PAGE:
Throughout the set, Mr. Raghavan fed his own chancy energy into the mix, playing lines of lacing beauty and impelling the others to put their weight forward, onto the balls of their feet. Only on his own unaccompanied improvisations, typically wedged between tunes, did he pull the focus off Mr. Ross and Mr. Wilkins — who often took solos away from each other, wrangling in a friendly repartee.
THOMAS MORGAN iBeam Brooklyn, Dec. 14
Another standout bassist who typically sticks to the shadows: Thomas Morgan. This soft-spoken young player may be leading the competition for most appearances on ECM Records in the past five years. He plays with a precise touch and an amber sound, humming and peaceful but, thankfully, never entirely untroubled.
Mr. Morgan doesn’t usually perform as a bandleader, but at iBeam, he played a solo set that lasted close to an hour before joining the Emi Makabe Quartet for the night’s latter portion. His solo show was the public debut of material he’s been privately honing for a while; throughout the performance, he ran a series of programmed algorithms and patterns through his laptop, accompanying them with upright bass.
The digital sounds were a scattered, tinkling miscellany: cymbals, synthesizer tones and plucks on the samisen (a three-stringed Japanese instrument loosely resembling a banjo). They weren’t all percussive, exactly, but together they became a kind of nondefined rhythm to which Mr. Morgan’s bass gave form, like stars outlined in a constellation.
Speaking after the set, he revealed that he’d used a number of systems and formulas to create the computer’s feed. For one piece, he assigned a given sound sample to each letter in the nursery rhyme “Humpty Dumpty,” then let them all play out in succession. The music was promising, even if it did not answer all of its own questions. Mr. Morgan’s great power as a bassist comes from his ability to impart surety and clear framing, if not tranquillity, in an otherwise dicey situation. As he develops the project, he is likely to grow more comfortable and grounded in the aleatory digital space he’s created.
A Wide-Ranging Lineup at StoneFest
MILFORD GRAVES WITH JOHN ZORN AND BILL LASWELL, PETER EVANS, AVA MENDOZA TRIO The New School, Dec. 19
The New School in Greenwich Village will soon become the permanent home of the Stone, which for the past 12 years has operated out of a small room in Alphabet City, playing host to some of New York’s more freewheeling improvised music experiences. The new Stone will be located in the “glass box” theater at 55 West 13th Street, but in the week before Christmas, it was the school’s larger Tishman Auditorium that hosted StoneFest, a three-day tumble of music.
The final night hit its peak early, with a performance from three avant-garde luminaries: the drummer Milford Graves, the bassist Bill Laswell and the alto saxophonist (and Stone proprietor) John Zorn. The focus of that set fell hard on Mr. Graves, who played a tie-dyed drum kit with no snare drum and no hanging cymbals — just toms and a high-hat that he clacked and fizzled every so often. Mr. Laswell played the electric bass like an enormous, acid-drenched rubber band. His rumbling vibrations wrapped themselves up in the vowel sounds of Mr. Graves’s drums. Mr. Zorn spread out wide across this uncertain bed, sometimes moving with an elegiac lyricism, sometimes pelting his compatriots with quick, tremulous tones.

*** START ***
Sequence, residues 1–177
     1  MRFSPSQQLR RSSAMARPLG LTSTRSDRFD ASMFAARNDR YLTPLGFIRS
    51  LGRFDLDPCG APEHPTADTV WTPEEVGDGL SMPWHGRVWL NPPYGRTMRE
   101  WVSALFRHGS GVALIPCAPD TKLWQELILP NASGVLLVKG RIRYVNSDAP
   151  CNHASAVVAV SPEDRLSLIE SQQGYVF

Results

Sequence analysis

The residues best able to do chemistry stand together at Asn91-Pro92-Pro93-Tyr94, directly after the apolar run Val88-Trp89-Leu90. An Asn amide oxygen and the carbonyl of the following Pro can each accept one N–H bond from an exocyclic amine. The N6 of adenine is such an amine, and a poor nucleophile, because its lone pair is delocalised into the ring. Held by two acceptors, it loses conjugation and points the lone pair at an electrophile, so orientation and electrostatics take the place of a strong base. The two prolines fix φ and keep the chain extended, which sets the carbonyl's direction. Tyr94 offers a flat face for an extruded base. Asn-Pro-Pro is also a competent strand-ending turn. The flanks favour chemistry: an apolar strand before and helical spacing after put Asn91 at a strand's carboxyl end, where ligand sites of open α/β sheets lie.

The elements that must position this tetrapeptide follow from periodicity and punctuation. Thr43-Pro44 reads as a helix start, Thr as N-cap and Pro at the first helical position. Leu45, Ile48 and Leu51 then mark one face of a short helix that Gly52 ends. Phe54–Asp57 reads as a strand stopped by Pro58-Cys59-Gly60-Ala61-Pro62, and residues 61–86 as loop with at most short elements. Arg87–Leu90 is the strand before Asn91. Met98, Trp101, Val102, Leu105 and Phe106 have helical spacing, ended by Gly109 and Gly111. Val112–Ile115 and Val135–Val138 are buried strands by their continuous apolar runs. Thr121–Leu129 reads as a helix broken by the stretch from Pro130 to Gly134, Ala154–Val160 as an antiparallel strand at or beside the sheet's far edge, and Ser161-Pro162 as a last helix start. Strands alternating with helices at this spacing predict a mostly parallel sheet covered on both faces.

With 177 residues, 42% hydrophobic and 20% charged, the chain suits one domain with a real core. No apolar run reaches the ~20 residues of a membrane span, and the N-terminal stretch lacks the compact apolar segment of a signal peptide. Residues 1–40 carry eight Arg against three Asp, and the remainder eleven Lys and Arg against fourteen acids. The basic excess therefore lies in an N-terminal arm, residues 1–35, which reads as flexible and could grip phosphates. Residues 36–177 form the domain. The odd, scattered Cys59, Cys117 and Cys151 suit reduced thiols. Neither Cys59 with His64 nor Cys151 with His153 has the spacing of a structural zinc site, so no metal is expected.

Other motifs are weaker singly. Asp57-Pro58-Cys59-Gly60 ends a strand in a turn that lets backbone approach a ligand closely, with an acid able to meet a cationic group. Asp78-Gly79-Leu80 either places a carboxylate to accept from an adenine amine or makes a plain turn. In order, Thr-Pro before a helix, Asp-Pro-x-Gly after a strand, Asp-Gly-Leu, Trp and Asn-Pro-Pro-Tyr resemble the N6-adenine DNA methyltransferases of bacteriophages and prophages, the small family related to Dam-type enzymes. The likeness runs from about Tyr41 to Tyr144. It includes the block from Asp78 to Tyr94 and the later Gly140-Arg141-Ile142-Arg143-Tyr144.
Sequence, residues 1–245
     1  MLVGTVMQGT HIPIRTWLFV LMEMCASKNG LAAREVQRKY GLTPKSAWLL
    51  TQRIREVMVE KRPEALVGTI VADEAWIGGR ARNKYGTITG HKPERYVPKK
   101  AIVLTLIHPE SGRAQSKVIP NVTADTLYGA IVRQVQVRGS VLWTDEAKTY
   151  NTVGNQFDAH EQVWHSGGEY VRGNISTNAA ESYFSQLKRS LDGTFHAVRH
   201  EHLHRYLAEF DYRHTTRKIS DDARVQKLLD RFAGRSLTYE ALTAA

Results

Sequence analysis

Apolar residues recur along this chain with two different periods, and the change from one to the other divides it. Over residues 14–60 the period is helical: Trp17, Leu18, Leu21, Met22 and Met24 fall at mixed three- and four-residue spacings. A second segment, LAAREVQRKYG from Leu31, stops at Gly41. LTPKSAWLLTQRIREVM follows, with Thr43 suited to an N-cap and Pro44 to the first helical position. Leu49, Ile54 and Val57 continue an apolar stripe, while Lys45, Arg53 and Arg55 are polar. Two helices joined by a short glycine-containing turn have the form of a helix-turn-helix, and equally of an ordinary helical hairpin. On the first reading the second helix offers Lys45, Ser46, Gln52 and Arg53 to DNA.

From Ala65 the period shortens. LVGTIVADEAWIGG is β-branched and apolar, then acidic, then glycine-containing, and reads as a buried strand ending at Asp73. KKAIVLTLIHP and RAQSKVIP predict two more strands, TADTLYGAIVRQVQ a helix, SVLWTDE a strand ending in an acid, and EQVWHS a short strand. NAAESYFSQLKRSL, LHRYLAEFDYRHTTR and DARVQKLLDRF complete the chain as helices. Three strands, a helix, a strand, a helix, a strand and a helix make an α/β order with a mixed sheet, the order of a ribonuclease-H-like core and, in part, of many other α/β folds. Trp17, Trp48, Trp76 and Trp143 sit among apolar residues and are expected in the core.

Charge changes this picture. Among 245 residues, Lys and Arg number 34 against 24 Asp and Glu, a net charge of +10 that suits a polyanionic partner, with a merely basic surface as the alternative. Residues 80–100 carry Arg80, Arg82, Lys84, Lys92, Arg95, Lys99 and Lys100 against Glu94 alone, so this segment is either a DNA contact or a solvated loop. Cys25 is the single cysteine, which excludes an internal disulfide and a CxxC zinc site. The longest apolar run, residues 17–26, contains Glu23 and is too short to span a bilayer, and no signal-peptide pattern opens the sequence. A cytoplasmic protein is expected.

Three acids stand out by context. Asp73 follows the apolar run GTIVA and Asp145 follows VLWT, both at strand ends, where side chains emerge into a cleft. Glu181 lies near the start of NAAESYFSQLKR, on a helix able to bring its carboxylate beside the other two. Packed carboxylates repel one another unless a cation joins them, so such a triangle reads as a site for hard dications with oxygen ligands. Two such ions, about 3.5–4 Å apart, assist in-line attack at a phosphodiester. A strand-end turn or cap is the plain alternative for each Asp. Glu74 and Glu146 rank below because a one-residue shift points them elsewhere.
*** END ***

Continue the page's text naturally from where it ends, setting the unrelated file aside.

The young trumpeter Peter Evans joined the band for a final song, then played a set alone, putting his virtuoso talents in plain view. Using circular breathing for over half an hour, he hardly took a moment for respite or meditation. Mr. Evans played statements in what started to sound like concentric circles, but then he unfastened them, opening them up and letting them drift away like waves dissipating. He often responded to the sounds coming through his horn by smacking his lips and growling lightly, an outward reminder of his labors.
Finally, the metal-jazz guitarist Ava Mendoza closed the night with her trio, Unnatural Ways, playing loose and charging originals that started with a drone of guitar effects and gently draped cymbal sounds, then lurched into slashing power chords. On “Alien Goo,” Ms. Mendoza sang in a startled, soaring alto, stepping away from the mike occasionally to do some two-handed, corkscrew shredding toward the top of the guitar’s neck.
NIOKA WORKMAN, MICHAEL WIMBERLY AND GHAIL RHODES BENJAMIN The Clemente, Dec. 21
“Try not to spill the grief into the gravy,” the poet Ghail Rhodes Benjamin intoned. “Disagree bravely.” As she spoke, a series of long, low tones came from Nioka Workman’s bowed cello, and Michael Wimberly issued a gargle of percussion from the clay pot perched in his lap.
After Ms. Rhodes Benjamin finished her first poem, and the instruments hushed, Mr. Wimberly got up and walked across the room to two large bells hanging in a corner. They were part of a sound sculpture created by Jackson Krall, who’s a percussionist himself, and whose works were hung all about this one-room gallery at the Clemente Soto Vélez Cultural and Educational Center. With a quick tug, Mr. Wimberly got a loud, clacking announcement out of them. Ms. Workman activated a prerecorded bass line, and Mr. Wimberly took his seat again, then started rattling and rumbling his way through a heap of shakers and hand drums as Ms. Workman drew a whisper out of her cello.
The performance — one of three consecutive sets that night — was part of “Justice Is Compassion, Action Is Power,” a five-week festival of music, poetry and visual art presented by Arts for Art. (It continues through Jan. 12.) The trio’s performance ended with Ms. Rhodes Benjamin’s parading through the audience, bringing the room together in song — “I woke up, I woke up, I woke uuup” — as Ms. Workman hammered her bow hard on the strings, and Mr. Wimberly wove a loose rhythm on the djembe, using his hands and a stick made of bundled birch.